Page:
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Republicans can’t let go of their interest in the 17th Amendment

Imagine looking at the landscape and concluding that one of the problems with our politics is that Americans are able to elect their own senators.


New Hampshire’s Republican U.S. Senate candidates participated in a debate over the weekend, it was a rather odd affair. For example, one of the candidates called for abolishing the FBI, and when one of his rivals disagreed, the audience booed.

But it was this tidbit from an NBC News report that stood out for me:

[Retired Army Brig. Gen. Don Bolduc and cryptocurrency investor Bruce Fenton] also said they support repealing the 17th Amendment, which allowed for the direct election of senators. Before that amendment was enacted, state legislators chose who would represent the state in the Senate.

In case this isn’t obvious, Bolduc isn’t necessarily a fringe figure: Recent polling suggests he’s likely to win the GOP nomination in this Senate race.

And that makes it all the more curious that he endorsed scrapping the 17th Amendment: Bolduc was effectively urging New Hampshire voters to elect him to the U.S. Senate, where he could advocate for a constitutional change that would prevent them from ever electing anyone to the Senate ever again.

If this sounds at all familiar, it’s not your imagination. In 2010 and 2011, as the so-called Tea Party "movement" took root, Republicans expressed a surprising amount of interest in tinkering with the Constitution. As longtime readers may recall, some GOP officeholders and candidates, for example, said they might want to scrap at least one part of the 14th Amendment. The right also hoped to “restore” the “original” 13th Amendment. A variety of conservatives, including Texas Gov. Rick Perry, said the 16th Amendment might need to be removed from the Constitution, too.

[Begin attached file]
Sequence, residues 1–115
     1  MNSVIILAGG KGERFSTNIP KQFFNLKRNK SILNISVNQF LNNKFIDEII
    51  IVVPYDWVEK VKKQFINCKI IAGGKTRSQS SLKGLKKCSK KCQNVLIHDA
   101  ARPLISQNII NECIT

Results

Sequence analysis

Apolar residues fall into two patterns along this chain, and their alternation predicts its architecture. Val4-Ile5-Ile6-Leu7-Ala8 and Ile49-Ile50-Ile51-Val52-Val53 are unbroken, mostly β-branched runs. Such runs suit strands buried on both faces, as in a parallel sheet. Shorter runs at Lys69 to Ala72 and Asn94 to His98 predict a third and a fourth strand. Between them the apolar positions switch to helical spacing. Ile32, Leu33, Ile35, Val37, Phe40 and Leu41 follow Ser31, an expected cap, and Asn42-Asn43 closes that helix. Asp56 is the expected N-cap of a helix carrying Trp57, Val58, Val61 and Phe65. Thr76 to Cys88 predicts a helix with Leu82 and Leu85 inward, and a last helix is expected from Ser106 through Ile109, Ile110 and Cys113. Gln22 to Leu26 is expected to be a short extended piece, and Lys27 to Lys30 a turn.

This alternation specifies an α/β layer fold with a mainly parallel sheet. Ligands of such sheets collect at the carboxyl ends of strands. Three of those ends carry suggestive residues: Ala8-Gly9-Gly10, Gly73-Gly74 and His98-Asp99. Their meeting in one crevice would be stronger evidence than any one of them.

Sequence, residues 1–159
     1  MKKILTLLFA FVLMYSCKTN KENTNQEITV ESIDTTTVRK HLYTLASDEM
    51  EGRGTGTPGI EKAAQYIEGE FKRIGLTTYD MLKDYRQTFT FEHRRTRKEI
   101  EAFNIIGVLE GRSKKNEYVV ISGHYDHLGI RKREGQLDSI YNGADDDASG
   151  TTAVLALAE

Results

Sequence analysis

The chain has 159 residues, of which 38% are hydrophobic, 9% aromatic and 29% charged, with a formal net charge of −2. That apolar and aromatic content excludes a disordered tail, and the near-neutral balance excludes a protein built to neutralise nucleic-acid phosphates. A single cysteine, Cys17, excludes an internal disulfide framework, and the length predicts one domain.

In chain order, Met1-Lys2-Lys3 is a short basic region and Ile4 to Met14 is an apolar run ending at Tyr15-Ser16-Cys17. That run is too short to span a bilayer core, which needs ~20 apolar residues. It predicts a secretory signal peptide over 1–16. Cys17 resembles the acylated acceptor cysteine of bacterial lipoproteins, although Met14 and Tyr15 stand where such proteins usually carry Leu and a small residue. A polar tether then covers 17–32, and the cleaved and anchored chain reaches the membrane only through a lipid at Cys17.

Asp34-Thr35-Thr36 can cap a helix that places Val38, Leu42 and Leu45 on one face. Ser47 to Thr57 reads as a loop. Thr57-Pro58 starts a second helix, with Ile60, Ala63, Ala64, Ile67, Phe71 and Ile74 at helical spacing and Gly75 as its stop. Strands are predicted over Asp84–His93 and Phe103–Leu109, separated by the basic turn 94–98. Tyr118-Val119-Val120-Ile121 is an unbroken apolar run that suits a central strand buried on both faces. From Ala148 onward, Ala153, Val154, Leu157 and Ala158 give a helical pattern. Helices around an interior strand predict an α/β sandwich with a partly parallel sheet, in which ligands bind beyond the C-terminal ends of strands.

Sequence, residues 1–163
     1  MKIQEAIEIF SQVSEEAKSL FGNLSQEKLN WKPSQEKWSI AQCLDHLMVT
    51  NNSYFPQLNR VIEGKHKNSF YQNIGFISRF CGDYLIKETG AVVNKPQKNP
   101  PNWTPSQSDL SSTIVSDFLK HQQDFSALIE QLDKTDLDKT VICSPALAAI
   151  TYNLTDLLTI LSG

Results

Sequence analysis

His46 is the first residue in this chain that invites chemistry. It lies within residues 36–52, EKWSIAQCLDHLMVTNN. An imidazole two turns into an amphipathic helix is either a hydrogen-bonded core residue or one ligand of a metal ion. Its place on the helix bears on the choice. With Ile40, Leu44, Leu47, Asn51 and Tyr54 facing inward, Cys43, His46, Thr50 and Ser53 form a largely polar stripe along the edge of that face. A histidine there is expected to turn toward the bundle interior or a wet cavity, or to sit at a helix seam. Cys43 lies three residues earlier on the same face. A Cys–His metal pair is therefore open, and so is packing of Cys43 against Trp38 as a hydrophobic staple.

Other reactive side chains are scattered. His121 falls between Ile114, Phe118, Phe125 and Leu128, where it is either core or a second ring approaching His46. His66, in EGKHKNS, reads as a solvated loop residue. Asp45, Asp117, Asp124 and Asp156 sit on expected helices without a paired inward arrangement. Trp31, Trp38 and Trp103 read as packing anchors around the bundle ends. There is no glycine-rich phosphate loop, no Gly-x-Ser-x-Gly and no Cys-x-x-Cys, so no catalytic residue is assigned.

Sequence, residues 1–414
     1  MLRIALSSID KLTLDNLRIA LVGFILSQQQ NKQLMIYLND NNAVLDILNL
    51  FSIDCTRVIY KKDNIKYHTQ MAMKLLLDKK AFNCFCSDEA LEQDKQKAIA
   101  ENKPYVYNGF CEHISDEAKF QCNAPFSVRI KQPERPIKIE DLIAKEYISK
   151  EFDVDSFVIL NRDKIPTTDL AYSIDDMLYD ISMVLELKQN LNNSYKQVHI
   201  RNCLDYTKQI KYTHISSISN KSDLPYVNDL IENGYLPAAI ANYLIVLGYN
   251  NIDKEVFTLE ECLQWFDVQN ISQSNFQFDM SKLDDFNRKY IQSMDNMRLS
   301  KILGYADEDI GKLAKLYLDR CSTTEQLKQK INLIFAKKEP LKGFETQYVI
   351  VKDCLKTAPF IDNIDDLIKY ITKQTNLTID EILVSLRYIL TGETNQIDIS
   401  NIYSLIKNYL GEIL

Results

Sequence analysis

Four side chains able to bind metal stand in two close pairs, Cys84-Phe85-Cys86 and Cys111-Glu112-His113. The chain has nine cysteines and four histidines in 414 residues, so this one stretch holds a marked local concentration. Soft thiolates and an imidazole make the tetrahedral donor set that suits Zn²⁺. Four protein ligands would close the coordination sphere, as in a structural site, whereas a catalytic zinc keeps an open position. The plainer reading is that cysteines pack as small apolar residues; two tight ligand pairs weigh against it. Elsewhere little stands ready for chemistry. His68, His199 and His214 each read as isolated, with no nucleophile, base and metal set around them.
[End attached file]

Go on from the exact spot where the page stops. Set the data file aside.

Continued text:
But many of these same Republicans seemed especially animated by the idea of repealing the 17th Amendment — so much so that it was described as “part of the Tea Party orthodoxy.”

The party gradually moved on to other priorities — dozens of pointless votes to repeal the Affordable Care Act proved more entertaining — though some tried to keep the embers burning. Two years ago this month, for example, Sen. Ben Sasse wrote an op-ed for The Wall Street Journal, advocating for the repeal of the 17th Amendment.

“The old saying used to be that all politics is local, but today — thanks to the internet, 24/7 cable news and a cottage industry dedicated to political addiction — politics is polarized and national,” the Nebraska Republican wrote. “That would change if state legislatures had direct control over who serves in the Senate.”

To be sure, such talk almost certainly won’t lead to constitutional changes, at least not anytime soon. But that doesn’t make it any less unusual that there are still some Republicans who believe one of the problems with our politics is that Americans are able to elect their own senators.